He pointed out the two areas of greatest debate involve children who are held in detention and in shelter care. The standards call for the petition being filed with 48 hours of the initial detention hearing. The juvenile court directors had reviewed the standards and suggested five working days. Five days would still allow service of process and holding a hearing in 14 days as required by law.
Greg pointed out that courts differ on what holding a hearing with 14 days means. Some courts interpret the law as requiring a hearing on the merits of the petition, while others interpret an initial appearance as sufficient. The standards refer to an initial appearance.
Board members suggested that 48 hours after the detention should be sufficient. Greg pointed out that in some areas the state's attorney is not available to prepare the documents in 48 hours. Board members pointed out that the juvenile courts do much of the work on the petition anyway. They agreed that 48 hours should be sufficient.
Greg pointed out that social services was concerned with filing a petition within 15 days. They did not believe that they could complete the investigation within 15 days.
Judge Jorgensen pointed out that social services was often confusing disposition with adjudication. They tend to want the whole case wrapped up, including a treatment plan, prior to filing a petition. He felt they needed to place higher priority on the investigation to get the charges filed.
The Board agreed that 15 days was sufficient and questioned if the standard should be 48 hours. They also questioned the length of some of the timeframes, saying they may be too long. Judge Olson pointed out that availability of defense counsel for juvenile cases may be one of the barriers to faster resolution of cases.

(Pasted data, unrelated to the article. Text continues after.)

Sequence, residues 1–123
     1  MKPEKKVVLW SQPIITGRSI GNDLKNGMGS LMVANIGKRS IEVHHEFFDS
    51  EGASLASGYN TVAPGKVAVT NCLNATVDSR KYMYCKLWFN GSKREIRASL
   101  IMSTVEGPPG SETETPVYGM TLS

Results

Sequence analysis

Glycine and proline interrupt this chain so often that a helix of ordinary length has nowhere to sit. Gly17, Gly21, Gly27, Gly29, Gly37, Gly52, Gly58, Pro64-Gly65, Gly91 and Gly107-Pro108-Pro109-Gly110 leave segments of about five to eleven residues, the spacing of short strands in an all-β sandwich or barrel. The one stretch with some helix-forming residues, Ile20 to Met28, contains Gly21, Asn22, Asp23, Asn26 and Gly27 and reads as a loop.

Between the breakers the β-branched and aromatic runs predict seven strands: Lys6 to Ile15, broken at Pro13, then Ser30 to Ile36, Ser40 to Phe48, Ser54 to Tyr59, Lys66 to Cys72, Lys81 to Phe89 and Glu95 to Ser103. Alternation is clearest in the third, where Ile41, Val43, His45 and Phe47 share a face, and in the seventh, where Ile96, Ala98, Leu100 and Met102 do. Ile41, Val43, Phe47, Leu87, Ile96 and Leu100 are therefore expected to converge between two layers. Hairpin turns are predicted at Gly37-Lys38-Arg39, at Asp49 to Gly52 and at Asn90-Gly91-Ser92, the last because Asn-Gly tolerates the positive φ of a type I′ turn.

Judge Backes pointed out that the best way to move cases along was for the judge to take control of the cases through a scheduling order.
There was a consensus that standards needed to be developed to serve as the base for the scheduling order.
Discussion of the drug court and how it fits within the juvenile court structure was postponed to the September meeting to allow Justice Maring to attend.
Judge Jorgensen questioned the status of removing offenders from the juvenile offender database. He pointed out that the Board had taken a position of automatic removal of those who did not fit under the sexual offender registration laws.
Greg stated that a list of offenders had be sent to each juvenile court. The juvenile court had notified those who are not required to register that they were off the list. A second letter was sent to those who were required or might be required to register informing them that they could ask the court to have their name removed.
The meeting was adjourned.